The truth is always there

Randy Butler Contributing columnist

Randy Butler Contributing columnist

In 1972, one of my favorite movies ever was made. “Deliverance” was a breakout movie for Burt Reynolds. Lewis, played by Burt, and his three friends decide to take a canoe trip to northern Georgia. In the beginning of the movie one of the friends engages a local banjo playing boy with the famous dueling banjo scene. This young boy has obvious mental and physical disabilities caused by the power plant moving into the area.

The performance is amazing to watch. How could this young boy play the banjo so well? The truth is, he is not playing the banjo at all. As movies do to us quite often, they make us believe something that is not totally true. The young boy played by Billy Redden has an interview on YouTube and is now a middle-aged man that is a greeter at a local Walmart store. He has never played a banjo in his life. There was someone standing behind him in the film, playing the banjo for him.

The truth is always there for us to see. It may be like an onion, and it can be several layers deep, but it is still there. Truth does not change depending on how we feel or what we want it to be. Truth is and will always be truth regardless of the circumstances.

Like many of you here in Highland County, I have spent many years playing baseball as a kid and coaching as an adult at Shaffer Park. I’m not sure how, but almost every parent feels that their son or daughter would make an excellent pitcher that can bring many wins for the team. The truth is, very few have the talent to pull that off.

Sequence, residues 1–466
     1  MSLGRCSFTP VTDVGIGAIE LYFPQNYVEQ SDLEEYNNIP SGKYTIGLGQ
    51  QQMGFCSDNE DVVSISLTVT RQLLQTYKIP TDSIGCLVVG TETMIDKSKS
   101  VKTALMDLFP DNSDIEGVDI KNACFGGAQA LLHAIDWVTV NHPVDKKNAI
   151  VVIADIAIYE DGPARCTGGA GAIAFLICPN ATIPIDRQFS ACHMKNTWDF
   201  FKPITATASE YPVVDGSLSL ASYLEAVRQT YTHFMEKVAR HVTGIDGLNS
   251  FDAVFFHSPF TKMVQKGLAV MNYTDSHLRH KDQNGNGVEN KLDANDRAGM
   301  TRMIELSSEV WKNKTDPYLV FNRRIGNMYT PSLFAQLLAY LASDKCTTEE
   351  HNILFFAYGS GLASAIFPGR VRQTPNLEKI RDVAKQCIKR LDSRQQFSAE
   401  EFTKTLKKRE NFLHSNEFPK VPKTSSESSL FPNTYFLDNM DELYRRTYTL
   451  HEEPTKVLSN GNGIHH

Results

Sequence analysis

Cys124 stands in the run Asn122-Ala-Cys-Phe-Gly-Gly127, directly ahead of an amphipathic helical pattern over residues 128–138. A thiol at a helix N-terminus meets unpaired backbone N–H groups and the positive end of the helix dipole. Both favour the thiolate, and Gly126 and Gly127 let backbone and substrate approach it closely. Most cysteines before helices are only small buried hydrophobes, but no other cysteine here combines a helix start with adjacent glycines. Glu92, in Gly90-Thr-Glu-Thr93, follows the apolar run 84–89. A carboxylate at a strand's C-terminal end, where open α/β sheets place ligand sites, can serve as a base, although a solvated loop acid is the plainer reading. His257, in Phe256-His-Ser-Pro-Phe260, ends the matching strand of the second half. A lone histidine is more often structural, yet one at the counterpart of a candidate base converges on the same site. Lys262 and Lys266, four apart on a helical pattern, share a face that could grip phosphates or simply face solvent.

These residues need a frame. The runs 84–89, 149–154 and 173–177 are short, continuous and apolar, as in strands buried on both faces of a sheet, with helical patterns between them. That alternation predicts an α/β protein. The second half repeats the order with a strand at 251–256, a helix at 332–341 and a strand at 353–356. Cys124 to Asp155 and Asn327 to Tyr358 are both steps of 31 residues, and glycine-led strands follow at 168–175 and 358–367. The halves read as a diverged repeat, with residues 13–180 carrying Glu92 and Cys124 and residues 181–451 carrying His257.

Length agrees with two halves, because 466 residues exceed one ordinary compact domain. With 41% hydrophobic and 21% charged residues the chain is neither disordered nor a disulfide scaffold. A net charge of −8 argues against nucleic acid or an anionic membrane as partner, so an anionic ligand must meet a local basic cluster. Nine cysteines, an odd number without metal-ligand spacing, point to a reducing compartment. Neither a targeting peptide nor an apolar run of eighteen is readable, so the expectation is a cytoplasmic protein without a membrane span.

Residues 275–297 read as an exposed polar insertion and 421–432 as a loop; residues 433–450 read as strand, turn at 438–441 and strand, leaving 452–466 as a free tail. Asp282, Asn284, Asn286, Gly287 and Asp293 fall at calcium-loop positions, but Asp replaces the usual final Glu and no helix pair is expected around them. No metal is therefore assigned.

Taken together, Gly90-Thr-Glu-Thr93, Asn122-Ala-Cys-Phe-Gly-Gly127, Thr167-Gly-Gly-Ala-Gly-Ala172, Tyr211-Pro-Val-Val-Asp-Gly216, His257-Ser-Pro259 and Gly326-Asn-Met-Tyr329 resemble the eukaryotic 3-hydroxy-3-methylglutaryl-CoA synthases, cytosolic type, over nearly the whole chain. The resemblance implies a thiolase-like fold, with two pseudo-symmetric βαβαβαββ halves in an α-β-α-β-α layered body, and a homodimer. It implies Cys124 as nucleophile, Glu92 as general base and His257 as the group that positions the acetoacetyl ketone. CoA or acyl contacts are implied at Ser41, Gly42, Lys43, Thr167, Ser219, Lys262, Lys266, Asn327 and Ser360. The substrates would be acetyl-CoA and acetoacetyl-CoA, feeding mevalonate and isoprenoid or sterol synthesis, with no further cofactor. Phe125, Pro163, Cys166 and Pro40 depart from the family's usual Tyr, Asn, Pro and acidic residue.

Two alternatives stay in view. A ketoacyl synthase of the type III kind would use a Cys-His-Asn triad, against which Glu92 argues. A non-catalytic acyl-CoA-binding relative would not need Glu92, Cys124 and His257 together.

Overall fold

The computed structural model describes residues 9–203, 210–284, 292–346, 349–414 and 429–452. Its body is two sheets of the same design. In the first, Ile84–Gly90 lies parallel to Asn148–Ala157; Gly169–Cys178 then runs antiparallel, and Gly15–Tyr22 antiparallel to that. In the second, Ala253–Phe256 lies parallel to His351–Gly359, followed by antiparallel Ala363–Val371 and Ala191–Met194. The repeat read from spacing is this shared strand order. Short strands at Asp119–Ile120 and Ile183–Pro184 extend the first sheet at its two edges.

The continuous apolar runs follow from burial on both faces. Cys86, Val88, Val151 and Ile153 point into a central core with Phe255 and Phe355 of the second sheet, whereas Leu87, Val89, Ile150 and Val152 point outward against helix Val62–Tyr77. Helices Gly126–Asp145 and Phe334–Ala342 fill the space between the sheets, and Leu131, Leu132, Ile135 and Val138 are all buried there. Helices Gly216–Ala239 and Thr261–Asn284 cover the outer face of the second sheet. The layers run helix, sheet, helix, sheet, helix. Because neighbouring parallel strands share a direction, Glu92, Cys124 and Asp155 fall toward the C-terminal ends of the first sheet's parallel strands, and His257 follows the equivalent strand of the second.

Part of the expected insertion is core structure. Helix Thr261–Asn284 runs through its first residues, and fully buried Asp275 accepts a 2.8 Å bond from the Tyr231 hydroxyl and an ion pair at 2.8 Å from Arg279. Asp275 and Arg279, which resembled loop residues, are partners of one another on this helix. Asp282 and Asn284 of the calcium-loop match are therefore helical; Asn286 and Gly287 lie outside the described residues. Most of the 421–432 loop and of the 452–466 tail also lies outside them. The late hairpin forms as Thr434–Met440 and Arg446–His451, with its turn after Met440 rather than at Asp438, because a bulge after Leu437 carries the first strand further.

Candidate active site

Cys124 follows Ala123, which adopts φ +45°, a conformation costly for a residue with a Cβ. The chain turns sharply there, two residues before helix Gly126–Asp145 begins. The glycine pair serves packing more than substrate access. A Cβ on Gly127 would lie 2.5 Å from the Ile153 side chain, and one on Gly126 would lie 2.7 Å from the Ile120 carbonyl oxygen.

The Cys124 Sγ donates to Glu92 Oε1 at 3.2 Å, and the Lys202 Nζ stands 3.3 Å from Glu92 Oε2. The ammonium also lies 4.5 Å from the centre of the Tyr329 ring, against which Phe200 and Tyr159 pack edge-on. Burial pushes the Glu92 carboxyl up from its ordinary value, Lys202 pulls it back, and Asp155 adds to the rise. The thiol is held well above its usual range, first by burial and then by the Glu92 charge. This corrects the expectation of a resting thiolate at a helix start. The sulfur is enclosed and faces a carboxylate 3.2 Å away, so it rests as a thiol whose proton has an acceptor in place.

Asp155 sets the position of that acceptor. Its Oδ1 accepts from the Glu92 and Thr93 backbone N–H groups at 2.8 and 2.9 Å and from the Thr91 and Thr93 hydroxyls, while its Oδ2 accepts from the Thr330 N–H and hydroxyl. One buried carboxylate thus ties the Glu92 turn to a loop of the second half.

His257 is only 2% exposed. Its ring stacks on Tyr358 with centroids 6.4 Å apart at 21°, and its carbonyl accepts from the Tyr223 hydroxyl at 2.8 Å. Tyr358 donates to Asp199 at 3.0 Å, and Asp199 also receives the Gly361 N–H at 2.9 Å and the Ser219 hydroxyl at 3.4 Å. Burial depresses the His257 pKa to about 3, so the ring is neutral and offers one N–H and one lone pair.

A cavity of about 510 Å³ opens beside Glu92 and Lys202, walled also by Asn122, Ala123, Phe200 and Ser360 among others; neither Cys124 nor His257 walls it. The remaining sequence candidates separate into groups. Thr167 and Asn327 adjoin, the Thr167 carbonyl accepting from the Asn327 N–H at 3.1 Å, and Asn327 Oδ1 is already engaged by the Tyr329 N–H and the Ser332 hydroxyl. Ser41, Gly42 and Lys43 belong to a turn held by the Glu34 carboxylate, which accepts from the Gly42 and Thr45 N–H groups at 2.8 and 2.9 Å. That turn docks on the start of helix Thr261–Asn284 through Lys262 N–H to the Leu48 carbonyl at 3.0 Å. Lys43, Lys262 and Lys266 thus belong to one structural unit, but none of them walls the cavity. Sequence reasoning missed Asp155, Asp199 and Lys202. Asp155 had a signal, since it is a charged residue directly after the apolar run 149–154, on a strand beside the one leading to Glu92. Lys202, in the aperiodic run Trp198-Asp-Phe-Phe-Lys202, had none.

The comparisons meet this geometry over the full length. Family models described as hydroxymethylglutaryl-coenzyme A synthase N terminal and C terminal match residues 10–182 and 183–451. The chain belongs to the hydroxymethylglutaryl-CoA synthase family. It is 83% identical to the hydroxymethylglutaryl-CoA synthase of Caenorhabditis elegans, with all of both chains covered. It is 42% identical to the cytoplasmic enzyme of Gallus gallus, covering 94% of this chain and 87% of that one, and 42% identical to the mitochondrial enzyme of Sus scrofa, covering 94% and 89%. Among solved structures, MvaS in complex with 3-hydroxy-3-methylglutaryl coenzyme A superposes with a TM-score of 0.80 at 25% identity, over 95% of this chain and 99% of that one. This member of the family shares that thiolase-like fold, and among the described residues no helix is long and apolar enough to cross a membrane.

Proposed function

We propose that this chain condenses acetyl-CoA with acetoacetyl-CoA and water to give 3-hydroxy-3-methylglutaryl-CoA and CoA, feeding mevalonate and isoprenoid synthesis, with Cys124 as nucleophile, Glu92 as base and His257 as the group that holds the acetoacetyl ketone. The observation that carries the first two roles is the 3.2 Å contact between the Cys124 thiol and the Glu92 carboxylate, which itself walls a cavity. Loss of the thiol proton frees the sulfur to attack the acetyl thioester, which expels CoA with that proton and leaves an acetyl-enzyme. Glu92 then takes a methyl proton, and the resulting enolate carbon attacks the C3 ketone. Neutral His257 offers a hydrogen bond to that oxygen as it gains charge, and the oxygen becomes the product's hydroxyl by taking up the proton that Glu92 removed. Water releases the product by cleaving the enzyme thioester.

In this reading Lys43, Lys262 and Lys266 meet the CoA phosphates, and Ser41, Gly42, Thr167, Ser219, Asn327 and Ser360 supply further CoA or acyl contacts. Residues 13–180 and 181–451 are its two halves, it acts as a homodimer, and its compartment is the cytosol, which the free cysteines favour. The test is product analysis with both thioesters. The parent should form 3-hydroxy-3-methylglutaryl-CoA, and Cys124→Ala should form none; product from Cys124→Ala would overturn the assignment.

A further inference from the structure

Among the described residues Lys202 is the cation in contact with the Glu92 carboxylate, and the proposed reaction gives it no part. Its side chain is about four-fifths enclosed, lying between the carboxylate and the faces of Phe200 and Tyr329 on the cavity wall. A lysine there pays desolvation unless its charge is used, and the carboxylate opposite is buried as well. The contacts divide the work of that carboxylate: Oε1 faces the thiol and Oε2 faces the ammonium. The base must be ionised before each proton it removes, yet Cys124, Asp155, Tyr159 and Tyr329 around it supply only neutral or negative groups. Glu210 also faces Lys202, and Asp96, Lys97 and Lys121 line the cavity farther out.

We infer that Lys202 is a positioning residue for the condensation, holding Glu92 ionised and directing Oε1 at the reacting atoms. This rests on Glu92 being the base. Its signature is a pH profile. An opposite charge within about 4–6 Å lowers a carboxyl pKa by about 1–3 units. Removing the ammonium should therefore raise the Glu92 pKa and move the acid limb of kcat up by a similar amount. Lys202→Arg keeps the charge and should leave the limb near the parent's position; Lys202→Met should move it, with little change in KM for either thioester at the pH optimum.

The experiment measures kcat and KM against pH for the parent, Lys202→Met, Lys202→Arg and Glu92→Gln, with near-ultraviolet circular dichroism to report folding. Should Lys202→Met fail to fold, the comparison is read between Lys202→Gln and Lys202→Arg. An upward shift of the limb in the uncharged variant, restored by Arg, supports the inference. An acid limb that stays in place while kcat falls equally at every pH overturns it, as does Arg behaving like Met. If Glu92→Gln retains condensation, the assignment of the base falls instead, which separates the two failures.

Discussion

Here is another one that has been played out several times — the very nice woman in church that wants to share the blessing of singing that God has gifted her with others. She will share this blessing week after week and not a soul in the congregation has the heart to tell her each performance is like nails on a chalkboard. Again, the truth stays the same regardless of what we want.

We even convince ourselves that if we use those famous words, “To tell you the truth,” whatever we say after that is gospel. I have always wondered when I hear those words if I have been lied to up until that point.

In today’s seemingly whacked out society, all of us are guilty of giving permission to certain groups to claim ownership to truth. We believe in some given group because more than likely, we are a part of it. Republicans own the truth, Democrats own the truth, liberals own the truth, conservatives own the truth, certain ethnic groups own the truth. The list is like that energizer bunny — it goes on and on and on.

What about “twisting the truth?’’ That is what happens when people change the story up slightly to make their perspective ring true. We all know that this is another one that does not ever work. I am pretty sure it is in the same family as “bending the truth.”

And one more comes to mind: We also can at times avoid the truth. We all know no one would ever admit to this one. This one is only seen by those in the guilty party’s circle while being completely invisible to the one that is doing the dirty deed.

To me, though, both are extremely important. Telling the truth is much smaller than finding the truth. There are many hot buttons that have become so huge in our culture today. Don’t we have to ask ourselves how we find the truth in them? What steps do we take to peel back that onion? Most of the time it is obvious if we look hard enough.

But, to tell you the truth (no, I have not been lying up until now), maybe at times it is too difficult to face. Maybe it is like Jack Nicholson says in the movie “A Few Good Men:” “You can’t……. !!”

I am sure you all can fill in the blanks. You just said it didn’t you?

Randy Butler is a lifelong resident of Highland County and a licensed real estate agent for Classic Real Estate in Hillsboro.

Randy Butler Contributing columnist Butler Contributing columnist